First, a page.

"Our coach always tells us, you have to lock in and lock out (mentally)," Fluker said. "And be disciplined. Sometimes, you're going through adversity and you have to learn how to fight through it. That's one of those things that's brought me into being a better player. ... I have this burning rage I have in my body to succeed." Fluker and his family were victims of Hurricane Katrina when he was a youngster, and took up residence in Mobile after the storm. Fluker said the adversity that went along with that helped him mature early as a young adult. He credited both family members and teammates make up a strong group of supporters when necessary. "My mom, she tells me a lot, some of my step parents, they help me, and my teammates. Like Chance Warmack, Anthony Steen, Barrett Jones. They help me get through hard times."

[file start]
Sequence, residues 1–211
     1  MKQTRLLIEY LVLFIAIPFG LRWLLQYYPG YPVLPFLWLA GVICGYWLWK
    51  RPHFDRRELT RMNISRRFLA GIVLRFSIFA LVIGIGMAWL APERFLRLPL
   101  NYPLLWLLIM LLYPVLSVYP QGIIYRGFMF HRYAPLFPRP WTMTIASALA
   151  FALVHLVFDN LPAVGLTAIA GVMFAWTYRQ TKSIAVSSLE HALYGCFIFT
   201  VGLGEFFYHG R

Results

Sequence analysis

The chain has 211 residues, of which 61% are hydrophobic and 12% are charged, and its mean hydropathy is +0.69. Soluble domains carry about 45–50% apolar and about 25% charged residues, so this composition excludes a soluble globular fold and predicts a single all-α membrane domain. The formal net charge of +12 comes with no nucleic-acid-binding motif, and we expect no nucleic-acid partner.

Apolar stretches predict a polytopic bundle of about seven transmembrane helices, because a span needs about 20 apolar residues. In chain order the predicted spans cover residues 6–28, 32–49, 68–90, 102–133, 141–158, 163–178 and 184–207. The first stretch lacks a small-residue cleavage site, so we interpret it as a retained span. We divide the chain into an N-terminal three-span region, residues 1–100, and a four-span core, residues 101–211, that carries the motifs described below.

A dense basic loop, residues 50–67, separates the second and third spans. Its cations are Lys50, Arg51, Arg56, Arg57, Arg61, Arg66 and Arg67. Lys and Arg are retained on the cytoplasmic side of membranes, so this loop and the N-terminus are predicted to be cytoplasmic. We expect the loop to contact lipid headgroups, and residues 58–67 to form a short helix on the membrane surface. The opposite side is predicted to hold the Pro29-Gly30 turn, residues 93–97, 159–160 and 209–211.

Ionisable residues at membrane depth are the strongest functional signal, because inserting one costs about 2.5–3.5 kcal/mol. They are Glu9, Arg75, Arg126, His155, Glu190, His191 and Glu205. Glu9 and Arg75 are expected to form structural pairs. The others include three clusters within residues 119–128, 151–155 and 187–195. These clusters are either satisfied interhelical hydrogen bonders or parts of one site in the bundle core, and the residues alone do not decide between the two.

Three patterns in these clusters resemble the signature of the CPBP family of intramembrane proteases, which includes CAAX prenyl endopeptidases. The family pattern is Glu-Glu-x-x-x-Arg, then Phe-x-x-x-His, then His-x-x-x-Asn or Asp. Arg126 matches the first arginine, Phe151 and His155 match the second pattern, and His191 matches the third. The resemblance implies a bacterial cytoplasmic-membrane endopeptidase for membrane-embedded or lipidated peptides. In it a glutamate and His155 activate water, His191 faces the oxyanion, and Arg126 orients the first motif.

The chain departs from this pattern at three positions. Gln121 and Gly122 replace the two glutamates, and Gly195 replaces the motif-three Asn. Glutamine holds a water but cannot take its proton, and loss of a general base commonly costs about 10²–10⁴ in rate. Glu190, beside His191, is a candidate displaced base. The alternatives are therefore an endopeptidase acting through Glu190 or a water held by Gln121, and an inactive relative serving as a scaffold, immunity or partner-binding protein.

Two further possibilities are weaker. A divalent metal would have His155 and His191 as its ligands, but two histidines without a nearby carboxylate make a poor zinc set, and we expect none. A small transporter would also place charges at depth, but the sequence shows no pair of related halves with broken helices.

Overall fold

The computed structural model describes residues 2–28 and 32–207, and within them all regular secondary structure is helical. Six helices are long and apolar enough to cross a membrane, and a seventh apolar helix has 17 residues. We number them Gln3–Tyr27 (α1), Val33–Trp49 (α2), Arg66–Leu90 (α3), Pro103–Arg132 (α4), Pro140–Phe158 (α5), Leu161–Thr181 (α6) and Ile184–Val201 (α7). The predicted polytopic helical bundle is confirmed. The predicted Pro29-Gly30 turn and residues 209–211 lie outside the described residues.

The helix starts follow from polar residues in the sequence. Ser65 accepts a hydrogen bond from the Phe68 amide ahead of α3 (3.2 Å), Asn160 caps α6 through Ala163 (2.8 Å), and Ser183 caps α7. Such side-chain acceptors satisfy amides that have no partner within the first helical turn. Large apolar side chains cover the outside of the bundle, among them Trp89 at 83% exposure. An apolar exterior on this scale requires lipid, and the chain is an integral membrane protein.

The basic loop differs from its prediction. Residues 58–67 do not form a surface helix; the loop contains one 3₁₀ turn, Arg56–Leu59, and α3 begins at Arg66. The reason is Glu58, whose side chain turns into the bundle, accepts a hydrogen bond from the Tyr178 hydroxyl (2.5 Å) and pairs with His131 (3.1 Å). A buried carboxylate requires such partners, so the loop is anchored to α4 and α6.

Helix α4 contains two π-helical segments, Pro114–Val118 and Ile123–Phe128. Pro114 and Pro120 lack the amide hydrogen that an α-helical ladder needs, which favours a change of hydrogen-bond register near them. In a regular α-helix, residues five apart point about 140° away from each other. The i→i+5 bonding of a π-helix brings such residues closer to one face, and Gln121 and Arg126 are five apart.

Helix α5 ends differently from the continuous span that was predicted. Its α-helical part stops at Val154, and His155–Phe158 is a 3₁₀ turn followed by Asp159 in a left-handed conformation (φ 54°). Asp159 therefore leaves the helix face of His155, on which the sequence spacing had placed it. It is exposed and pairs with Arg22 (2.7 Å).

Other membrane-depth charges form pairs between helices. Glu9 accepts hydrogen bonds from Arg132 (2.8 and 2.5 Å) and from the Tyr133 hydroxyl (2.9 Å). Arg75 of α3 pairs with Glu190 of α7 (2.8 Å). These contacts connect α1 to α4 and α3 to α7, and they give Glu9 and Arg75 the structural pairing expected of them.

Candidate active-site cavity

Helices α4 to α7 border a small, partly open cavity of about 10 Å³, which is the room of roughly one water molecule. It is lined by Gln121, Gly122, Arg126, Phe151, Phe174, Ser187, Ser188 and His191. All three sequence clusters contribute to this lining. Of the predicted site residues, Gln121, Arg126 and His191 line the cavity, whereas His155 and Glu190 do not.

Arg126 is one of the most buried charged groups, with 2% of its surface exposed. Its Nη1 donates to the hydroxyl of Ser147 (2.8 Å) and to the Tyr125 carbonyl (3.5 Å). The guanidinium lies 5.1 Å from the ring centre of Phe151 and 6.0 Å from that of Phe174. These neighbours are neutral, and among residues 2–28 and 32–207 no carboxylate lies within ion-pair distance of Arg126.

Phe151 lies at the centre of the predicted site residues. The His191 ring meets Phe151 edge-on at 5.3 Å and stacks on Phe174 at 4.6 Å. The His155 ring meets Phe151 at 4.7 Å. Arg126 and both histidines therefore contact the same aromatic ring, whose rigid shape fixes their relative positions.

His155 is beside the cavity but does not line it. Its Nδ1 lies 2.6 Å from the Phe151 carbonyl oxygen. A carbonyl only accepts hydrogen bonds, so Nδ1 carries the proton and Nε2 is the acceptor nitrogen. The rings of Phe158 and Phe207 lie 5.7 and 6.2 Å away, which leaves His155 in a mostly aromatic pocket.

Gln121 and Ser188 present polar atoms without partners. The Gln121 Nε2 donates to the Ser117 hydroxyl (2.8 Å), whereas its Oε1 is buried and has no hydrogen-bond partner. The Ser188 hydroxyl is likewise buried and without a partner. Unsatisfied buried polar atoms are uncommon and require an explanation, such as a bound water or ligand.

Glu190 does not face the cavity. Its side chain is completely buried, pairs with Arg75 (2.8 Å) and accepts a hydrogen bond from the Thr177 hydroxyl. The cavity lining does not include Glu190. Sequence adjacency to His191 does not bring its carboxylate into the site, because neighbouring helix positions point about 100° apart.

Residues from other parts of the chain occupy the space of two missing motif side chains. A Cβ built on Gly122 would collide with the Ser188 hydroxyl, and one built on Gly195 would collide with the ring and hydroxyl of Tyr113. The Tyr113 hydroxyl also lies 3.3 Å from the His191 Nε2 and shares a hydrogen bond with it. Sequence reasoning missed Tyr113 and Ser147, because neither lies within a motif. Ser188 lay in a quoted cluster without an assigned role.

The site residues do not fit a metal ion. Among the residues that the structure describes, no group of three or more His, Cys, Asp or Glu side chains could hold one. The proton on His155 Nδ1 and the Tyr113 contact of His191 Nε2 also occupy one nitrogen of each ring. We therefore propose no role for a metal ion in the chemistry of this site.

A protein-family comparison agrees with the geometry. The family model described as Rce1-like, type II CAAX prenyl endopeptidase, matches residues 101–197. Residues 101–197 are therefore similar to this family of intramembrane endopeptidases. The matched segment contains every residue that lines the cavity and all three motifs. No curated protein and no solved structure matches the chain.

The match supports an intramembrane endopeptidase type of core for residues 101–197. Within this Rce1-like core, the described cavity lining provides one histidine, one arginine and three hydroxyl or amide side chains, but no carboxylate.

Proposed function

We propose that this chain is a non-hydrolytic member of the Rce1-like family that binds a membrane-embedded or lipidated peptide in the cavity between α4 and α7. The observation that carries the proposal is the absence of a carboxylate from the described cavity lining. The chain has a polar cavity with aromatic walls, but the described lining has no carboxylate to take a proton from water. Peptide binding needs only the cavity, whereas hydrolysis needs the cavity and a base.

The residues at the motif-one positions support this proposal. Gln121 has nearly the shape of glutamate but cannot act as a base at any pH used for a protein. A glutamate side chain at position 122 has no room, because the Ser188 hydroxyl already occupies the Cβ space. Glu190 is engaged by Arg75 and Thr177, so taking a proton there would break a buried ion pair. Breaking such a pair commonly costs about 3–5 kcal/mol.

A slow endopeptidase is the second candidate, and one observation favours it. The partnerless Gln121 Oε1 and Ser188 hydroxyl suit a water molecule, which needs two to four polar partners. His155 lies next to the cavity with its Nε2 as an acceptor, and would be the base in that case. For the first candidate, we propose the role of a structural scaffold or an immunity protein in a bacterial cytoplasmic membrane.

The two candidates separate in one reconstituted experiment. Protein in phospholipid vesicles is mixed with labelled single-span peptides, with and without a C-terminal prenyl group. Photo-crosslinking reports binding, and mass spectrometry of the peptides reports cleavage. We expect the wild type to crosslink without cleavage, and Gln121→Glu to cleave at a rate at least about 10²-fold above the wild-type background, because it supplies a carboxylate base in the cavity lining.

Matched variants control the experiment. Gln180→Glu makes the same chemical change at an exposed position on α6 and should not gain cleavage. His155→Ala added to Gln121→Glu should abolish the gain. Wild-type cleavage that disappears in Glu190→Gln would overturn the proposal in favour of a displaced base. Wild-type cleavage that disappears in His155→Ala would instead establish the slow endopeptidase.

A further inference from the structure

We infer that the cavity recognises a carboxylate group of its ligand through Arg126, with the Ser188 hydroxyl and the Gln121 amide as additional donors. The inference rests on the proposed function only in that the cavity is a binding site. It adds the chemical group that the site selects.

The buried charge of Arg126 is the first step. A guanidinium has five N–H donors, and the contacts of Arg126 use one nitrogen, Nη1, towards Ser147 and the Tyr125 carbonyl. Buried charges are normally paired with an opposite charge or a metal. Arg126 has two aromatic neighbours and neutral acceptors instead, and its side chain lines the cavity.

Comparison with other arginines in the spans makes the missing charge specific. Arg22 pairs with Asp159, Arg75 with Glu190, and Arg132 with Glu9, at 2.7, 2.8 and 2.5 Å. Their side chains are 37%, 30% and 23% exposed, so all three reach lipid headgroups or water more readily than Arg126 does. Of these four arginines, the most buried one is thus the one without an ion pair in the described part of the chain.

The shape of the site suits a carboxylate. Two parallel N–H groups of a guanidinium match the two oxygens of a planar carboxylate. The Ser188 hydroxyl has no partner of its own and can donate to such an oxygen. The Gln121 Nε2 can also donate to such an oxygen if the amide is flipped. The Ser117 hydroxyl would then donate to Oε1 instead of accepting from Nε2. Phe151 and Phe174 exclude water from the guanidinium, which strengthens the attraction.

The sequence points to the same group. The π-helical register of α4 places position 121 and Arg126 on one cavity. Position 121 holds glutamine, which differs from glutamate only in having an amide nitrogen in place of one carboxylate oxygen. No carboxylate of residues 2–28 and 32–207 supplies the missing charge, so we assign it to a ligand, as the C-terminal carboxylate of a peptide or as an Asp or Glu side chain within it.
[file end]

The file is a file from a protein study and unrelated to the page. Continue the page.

Norwood said he has spent the offseason getting stronger and improving his route running as he prepares to battle for the starting job at wide receiver. Last season, he was buried on depth chart by seniors Marquis Maze, Brandon Gibson and Brad Smelley. This time around, those players are gone and it's Norwood's time to develop into a leader on offense. "Me and Kenny [Bell] have been looking forward to this," Norwood said. "We’ve waited, basically, three or four seasons now to be leaders." But, according to Norwood, who said he's in the mix in the return game as well, don't expect the job to be handed to both veteran receivers on a silver platter. The competition is just now beginning to ramp up as Alabama enters its first full week of practice. "It's a battle," Norwood said. "We're basically getting ready to put the pads on tomorrow so we can go out and play up to Coach [Nick] Saban's speed."